Car seats have been a point of contention for a lot of parents for some time now. There’s been recalls of some of the world’s most popular ones due to manufacturing problems and there’s certainly a lot of people who don’t seem to know how to install them correctly. Enter Volvo, which recently pledged that by the year 2020, no one would be injured or killed in one of its new cars. That’s quite a statement to make, especially when it comes to relying on a third party manufacturers’ child seats. That’s the thing though, Volvo isn’t.
It recently unveiled a new kind of car seat it had developed and it’s almost entirely inflatable. However this isn’t a blow up chair made of plastic, or your cousin’s paddling pool, this is a seat made from the same material that coats airplane wings and is used in rescue boats, called drop stitch fabric. The material is touch and incredibly hard wearing, so the seat is very unlikely to pop. However, by being inflatable if offers quite a high level of impact protection, as well as being supportive and comfortable.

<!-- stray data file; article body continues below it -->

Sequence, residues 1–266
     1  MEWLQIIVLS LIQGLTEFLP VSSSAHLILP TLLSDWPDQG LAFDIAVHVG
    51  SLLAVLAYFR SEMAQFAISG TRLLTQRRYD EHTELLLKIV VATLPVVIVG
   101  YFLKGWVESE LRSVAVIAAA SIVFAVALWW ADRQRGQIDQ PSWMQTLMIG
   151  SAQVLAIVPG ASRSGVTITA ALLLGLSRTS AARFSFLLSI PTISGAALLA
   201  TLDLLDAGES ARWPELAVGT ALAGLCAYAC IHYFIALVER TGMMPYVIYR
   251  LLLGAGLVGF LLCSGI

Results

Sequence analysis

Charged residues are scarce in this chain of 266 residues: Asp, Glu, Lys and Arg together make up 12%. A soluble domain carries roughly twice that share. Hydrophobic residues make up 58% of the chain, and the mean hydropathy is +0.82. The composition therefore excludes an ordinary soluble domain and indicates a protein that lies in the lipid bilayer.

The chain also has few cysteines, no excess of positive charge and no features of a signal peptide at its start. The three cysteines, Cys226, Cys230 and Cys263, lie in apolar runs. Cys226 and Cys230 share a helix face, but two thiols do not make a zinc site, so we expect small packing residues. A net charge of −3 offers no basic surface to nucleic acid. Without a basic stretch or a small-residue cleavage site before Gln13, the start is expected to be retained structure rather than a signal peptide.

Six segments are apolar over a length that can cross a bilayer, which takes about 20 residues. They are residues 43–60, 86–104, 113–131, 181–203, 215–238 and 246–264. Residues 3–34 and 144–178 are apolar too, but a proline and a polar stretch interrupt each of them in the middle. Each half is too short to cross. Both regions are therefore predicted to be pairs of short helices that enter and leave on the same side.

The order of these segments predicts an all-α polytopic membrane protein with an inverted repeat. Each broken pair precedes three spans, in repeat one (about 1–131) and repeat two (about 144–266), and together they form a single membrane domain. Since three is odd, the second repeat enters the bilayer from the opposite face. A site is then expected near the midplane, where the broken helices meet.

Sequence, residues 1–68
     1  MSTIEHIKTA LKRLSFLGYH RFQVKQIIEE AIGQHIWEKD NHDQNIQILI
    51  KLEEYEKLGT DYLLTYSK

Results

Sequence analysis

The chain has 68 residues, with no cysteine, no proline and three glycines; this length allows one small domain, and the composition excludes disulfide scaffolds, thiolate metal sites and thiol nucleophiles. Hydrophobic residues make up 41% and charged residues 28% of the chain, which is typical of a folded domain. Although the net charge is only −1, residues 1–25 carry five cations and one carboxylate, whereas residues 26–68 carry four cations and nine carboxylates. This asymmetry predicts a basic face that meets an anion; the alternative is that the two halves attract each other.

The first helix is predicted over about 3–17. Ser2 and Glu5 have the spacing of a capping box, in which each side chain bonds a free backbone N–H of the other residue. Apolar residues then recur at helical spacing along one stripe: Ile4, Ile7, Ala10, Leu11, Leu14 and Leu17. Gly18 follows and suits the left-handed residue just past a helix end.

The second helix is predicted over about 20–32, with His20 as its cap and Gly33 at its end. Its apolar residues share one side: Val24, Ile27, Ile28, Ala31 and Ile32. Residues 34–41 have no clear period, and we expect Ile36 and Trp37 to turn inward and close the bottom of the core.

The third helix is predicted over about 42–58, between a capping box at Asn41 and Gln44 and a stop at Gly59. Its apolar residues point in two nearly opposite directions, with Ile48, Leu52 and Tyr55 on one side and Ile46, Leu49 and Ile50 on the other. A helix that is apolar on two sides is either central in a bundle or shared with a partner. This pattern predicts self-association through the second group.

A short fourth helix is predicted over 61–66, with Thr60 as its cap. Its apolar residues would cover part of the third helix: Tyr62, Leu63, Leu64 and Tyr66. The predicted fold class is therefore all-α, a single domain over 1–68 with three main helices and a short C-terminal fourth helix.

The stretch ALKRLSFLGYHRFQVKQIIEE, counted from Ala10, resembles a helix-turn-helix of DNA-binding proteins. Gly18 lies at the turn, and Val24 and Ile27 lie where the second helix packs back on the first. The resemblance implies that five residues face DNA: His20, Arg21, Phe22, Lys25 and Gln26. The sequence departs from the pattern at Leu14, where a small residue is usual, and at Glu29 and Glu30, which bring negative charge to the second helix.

Unfortunately for now, the seat is a pure concept and won’t be available for sale if at all, for another few years. However Volvo has laid claims to revolutionising the industry when it is released, as the seat is not only designed to work with newborn infants but toddlers too, as the seat will scale with your child as they age, meaning you won’t need to keep buying new ones as the years go on.
It will also be fitted with plenty of modern technology, including sensors so if for whatever reason it isn’t secured properly, it will let the parent know. Similarly if the child can move around too much, the parents will receive a warning. The same again will happen if the seat becomes damaged.
Volvo has also listed it as having ISOFIX connectors, the industry standard for fixing the seat in place.
To top it all off though, the inflatable aspect comes into play. By being inflatable, the seat can compress down to a much smaller form factor than traditional car seats, making it much easier to carry and therefore far more portable. That could create a problem for quickly fitting it to a car, but the seat comes with a built in automatic pump, which brings it up to size in just 40 seconds. It deflates as quickly too and when devoid of air, weighs only 5kg.
The question is, will Volvo be able to convince parents that an inflatable baby seat is going to protect their child? As we’ve seen with other baby seats, it may be that cost is the big deciding factor. Any idea about price will be entirely speculative, but you could argue that due to the inflatable nature of the seat, that it may be cheaper than its contemporaries when it does release.
What do you guys think?